Storied Cities: Literary Imaginings of Florence, Venice, and Rome
Greenwood Press, 1994 - 310 oldal
The analysis points to Florence frequently being depicted in terms of binary oppositions, including Hebraism versus Hellenism, past versus present, stasis versus movement, and light versus darkness. Venetian narratives are commonly infused with motifs relating to dream and unreality, obsession, voyeurism, isolation, melancholia, and death. History is a controlling metaphor for Roman fiction and poetry, combined with the motif of change and, especially, fall from innocence to experience. Ross shows how writers have self-consciously built on the literary conventions set earlier and anticipates that these cities will remain natural loci for continued post-modernist experiment. In a wider theoretical framework, he examines this writing identified with place for the light it sheds on the issue of the importance of setting in literature.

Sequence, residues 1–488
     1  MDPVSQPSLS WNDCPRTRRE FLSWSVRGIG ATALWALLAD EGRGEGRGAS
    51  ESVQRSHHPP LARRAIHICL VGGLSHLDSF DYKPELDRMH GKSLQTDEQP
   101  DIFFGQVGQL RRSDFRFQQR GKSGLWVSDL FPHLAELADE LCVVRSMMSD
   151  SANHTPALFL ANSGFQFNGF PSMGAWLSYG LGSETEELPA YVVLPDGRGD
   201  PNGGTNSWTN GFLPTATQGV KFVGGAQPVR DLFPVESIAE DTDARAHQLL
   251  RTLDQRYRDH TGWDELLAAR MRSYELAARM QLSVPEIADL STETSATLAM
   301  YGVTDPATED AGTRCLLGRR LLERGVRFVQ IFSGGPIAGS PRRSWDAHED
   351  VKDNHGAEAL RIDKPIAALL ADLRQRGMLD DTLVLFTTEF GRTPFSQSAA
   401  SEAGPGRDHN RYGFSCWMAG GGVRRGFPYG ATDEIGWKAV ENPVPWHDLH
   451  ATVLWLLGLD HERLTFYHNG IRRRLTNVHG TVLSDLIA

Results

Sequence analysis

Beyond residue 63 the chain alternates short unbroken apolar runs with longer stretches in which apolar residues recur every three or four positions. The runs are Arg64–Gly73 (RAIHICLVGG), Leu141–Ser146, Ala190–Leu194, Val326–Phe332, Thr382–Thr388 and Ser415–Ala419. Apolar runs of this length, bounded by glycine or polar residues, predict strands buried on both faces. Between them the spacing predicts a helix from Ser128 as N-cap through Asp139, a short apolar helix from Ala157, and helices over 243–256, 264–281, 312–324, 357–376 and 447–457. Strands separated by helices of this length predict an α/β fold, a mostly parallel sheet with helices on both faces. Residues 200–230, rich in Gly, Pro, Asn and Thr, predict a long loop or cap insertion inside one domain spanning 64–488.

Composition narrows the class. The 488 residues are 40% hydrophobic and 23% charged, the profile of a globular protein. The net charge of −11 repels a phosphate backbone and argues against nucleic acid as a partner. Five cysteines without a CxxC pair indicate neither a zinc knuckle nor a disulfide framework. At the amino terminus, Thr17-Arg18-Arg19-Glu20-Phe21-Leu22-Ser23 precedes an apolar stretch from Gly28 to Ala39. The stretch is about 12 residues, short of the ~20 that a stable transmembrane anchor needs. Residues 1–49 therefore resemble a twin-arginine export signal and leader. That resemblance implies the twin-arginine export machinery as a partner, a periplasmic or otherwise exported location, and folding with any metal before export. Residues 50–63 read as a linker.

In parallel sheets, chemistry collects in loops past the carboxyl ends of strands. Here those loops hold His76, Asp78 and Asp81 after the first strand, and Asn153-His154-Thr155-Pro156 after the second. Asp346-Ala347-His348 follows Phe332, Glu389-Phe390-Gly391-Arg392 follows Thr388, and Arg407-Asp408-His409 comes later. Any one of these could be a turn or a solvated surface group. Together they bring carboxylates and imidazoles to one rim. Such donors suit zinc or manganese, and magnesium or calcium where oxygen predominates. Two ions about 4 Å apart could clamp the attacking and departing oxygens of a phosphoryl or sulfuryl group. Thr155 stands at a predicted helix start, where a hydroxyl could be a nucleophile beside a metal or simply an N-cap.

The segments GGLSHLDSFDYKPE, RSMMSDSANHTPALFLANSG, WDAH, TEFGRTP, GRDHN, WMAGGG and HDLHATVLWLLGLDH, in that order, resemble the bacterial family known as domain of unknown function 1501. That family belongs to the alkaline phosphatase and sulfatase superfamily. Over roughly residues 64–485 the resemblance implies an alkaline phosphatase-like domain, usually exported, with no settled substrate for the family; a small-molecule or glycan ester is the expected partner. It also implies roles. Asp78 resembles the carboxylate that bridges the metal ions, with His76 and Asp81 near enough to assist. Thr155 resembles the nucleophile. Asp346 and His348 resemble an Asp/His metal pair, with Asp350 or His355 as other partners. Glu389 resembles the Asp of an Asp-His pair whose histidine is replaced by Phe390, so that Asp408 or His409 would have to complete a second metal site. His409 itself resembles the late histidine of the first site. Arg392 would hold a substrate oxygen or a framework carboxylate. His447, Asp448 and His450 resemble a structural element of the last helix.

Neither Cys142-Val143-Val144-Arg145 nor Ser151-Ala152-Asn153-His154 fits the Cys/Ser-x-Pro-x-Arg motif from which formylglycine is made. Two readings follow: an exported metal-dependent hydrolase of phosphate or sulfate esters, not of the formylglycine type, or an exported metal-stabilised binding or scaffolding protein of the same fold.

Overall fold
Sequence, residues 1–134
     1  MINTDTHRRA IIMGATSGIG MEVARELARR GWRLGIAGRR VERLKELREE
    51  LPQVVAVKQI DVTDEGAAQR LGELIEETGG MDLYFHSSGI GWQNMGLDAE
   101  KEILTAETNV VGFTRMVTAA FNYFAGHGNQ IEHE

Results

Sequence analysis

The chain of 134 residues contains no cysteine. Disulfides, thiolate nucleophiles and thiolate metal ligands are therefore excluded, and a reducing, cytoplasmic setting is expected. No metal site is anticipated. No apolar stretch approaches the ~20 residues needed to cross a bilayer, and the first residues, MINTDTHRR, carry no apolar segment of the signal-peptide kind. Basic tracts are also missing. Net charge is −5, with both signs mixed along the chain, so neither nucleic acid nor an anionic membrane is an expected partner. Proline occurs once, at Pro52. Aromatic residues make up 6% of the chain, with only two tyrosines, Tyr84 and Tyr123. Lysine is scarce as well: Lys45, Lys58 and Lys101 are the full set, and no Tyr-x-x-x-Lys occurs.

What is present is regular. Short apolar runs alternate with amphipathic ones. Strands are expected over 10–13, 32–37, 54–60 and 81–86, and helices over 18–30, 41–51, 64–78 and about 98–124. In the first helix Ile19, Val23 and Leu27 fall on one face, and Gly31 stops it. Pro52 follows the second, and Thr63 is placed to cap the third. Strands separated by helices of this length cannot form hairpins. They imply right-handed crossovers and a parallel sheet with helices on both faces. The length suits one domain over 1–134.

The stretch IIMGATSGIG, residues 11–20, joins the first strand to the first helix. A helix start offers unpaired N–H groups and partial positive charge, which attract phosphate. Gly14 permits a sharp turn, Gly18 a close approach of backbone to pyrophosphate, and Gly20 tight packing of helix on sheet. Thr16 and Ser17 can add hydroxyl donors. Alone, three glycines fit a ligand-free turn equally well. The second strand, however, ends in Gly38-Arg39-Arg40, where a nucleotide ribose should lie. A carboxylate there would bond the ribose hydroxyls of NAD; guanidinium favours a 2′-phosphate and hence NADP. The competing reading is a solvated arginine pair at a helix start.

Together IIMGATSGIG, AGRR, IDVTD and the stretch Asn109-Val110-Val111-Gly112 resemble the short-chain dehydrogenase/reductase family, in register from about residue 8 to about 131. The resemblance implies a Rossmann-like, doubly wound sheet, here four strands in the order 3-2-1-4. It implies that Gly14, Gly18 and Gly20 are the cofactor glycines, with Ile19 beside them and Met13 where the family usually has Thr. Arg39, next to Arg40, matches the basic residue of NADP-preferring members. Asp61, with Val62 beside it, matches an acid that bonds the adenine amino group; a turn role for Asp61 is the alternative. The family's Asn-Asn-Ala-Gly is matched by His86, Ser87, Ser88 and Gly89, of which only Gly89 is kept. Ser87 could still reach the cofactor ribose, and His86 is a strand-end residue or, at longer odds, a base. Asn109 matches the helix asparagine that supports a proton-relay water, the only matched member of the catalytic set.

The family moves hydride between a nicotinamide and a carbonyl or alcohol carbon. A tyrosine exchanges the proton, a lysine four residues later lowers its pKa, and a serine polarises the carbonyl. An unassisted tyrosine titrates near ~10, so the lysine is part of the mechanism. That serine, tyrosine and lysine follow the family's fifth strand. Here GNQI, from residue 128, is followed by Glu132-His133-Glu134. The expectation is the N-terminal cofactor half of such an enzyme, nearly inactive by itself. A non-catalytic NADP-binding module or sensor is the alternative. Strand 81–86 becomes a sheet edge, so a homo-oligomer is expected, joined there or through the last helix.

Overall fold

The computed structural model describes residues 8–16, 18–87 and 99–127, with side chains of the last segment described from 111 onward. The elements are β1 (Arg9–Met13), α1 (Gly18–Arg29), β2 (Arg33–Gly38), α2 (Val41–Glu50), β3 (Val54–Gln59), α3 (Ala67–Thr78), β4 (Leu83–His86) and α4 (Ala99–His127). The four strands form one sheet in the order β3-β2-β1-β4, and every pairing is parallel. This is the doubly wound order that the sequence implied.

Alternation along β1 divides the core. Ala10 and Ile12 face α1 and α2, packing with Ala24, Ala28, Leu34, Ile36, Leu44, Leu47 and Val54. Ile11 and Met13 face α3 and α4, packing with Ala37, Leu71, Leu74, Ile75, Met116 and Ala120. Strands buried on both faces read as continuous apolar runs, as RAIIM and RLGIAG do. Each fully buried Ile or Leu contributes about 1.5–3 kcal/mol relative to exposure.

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Exquisite hours , enveloped in light and silence , to have known them once is to have always a terrible standard of enjoyment , observes James ( Hours 20 ) . Such a " terrible standard " is laid upon James's young hero , Hyacinth ...
In The Stones of Venice ( 1851-53 ) , Ruskin extols , in a striking metaphor , " that beauty which seemed to have fixed for its throne the sands of the hour - glass as well as of the sea " ( 2 : 7 ) . For Mary McCarthy , too , " Venice ...
Tanner notes James's tendency ( 13-14 ) to speak in his travel writings of Venice as a woman ; and , indeed , James's references in Italian Hours to " the sad - eyed old witch of Venice " ( 72 ) call Juliana irresistibly to mind .
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